Here I am in the our newly re-elected President's ancestral homeland, Nyanza Kenya, literally an hour's drive from his grandmother's home. I'm not all that surprised that I'm surrounded by Kenyans who are also rejoicing in this win. He's their guy, son of a local man risen to the highest heights imaginable. I expected this jubilation.
What I didn't expect was this reaction from my Kenyan friend: “Wow, that Mitt Romney gave such a nice concession speech. He really praised Obama and even wished his family and two girls well...” She kept going on about what a nice speech that Mitt Romney gave.
Yeah, I thought cynically, graciousness in defeat is a requirement of politics. Anything other than that would make him look like a jackass. I may have even said something along those lines.
My friend, ignoring my dismissiveness carried on, “And it was close! Half the country voted for him, and he still conceded so nicely.” She shook her head in disbelief.
And that is the thing that impressed her most. Sure, the Kogelo progeny made good and everyone proud, but she's just as amazed by his opponent's quick willingness to accept defeat. To me, it's so ordinary I've already blithely assigned cynical motives to his graciousness. We take it for granted that the opponent will accept his loss, take some Prozac and move on. As will his supporters. Our country will not erupt in violence like Kenya tragically did in 2007 during their last presidential election. Half the people in the US are disappointed but will not take to the streets. Why?
Real social scientists have better answers to that question, which I am sure have a lot to do with things like the faith people have in the justice and transparency of the voting system, the history of peaceful handovers of power, unemployment rates, and the overall percentage of young people (those perennial rabble rousers).
But I think it's also that the outcome of an election simply matters more in other places. In Kenya, if your guy gets a seat in Parliament you just might share in some of the spoils. Presidential homelands have better roads, hospitals and services. One of the most insightful books about Kenyan politics is called "Our Turn to Eat," a phrase basically meaning: It's enough of the other group's hand in the government kitty, it's our tribe's turn. It does matter, in some material sense, if your guy wins.
But no matter who won this US election, not much will change for me or my family personally. Despite all the talk about the "direction of the country" and who can "get the economy moving" the fastest, neither guy was going to wave a magic wand or even get their playbook implemented and suddenly change the array of opportunities available to me. Yes, a president makes some key appointments, sets a tone and, if he's lucky, an agenda, and has a bully pulpit. But much of what they can accomplish is hindered by things totally out of their control, like Congress, financial markets, natural disasters and Fox news.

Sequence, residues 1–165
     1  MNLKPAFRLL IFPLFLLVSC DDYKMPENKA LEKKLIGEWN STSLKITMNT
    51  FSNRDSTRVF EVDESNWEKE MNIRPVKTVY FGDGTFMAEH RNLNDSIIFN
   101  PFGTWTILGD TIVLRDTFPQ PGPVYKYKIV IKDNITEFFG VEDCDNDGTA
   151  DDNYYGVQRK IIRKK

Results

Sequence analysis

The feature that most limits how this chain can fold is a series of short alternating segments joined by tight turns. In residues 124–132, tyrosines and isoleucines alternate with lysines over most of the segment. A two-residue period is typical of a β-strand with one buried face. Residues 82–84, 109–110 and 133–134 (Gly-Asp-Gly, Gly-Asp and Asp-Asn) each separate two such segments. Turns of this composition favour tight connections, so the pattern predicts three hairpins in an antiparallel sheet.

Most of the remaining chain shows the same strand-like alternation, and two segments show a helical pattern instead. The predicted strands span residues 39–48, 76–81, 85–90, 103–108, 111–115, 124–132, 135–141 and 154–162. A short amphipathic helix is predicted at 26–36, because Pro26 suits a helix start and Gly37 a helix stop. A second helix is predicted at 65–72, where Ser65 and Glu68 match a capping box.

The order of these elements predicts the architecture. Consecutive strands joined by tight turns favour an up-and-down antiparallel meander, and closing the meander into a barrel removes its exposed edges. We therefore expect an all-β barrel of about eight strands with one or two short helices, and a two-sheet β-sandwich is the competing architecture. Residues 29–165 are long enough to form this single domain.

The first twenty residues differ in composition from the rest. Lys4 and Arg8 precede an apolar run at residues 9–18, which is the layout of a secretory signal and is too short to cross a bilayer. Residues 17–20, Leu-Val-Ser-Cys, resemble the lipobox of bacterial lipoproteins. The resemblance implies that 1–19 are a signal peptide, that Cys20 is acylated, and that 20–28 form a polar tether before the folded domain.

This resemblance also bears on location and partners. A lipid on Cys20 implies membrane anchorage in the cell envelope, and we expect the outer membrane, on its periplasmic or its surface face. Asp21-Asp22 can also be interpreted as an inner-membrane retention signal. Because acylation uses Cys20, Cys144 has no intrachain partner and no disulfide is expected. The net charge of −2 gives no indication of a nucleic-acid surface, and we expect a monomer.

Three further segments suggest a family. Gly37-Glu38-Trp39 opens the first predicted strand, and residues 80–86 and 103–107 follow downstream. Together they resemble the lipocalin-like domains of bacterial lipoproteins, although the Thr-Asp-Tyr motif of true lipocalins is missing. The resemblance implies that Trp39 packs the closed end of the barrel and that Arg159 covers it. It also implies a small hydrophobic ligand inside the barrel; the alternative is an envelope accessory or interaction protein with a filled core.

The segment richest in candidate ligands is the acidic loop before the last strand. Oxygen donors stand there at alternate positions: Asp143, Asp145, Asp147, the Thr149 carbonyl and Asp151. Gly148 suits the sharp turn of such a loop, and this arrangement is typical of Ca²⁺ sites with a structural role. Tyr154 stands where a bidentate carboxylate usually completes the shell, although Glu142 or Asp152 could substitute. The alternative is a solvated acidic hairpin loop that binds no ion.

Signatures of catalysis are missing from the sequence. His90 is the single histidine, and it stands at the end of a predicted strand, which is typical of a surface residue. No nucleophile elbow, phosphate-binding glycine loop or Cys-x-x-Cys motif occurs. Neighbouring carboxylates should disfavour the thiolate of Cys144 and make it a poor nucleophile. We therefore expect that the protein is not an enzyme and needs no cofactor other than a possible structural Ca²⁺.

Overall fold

So, maybe the question isn't why the losers aren't taking to the streets, but why do we care about the result at all?
And here at least part of the answer is surprisingly tribal. I want Obama not because I think I'm going to personally benefit but because I think he represents my values more than the other guy. That the government's role is to protect our precious public goods like natural resources, public health and human rights, which are sometimes trampled by capitalism; to protect our growth and development by investing in quality education for everyone despite where in the country they may have been born; to ensure that the winners of capitalism don't use that power to undermine our democracy; to use our considerable wealth and power to make the world a more peaceful place. He represents my ideological tribe. And I want my people to win.
My husband, who shares my politics, was remarking that when he really thought about it Obama has disappointed him in certain ways and Romney, given his proven track record as a manager and history as a fairly progressive Governor, might not even do that bad of a job in the White House given a a more moderate Congress. Still, he said, he had an emotional attachment to the Obama win that felt something like his emotional attachment to a Patriot's (football team) win, which borders on the obsessive. (Let's just say the Superbowl loss of 2008 resulted in a sick day.) He was baffled by his own crushing disappointment after Obama's lackluster debate performance and euphoria when the poll numbers started turning back around in his favor. His took another look at his own emotions. They were tribal. He wanted his team to win.
So, again here, we might not be all that different. Unlike a lot of new democracies, our political parties stand for something other than identity politics (though maybe the post-mortem political commentators need to be reminded of that!). But still, our identities are now wrapped up in our ideology instead of our ethnicity. "The other" in my America is not necessarily someone who looks different than me, but someone who thinks differently from me. And, I'm thinking more and more that how we tolerate those differences is going to define the future of our country.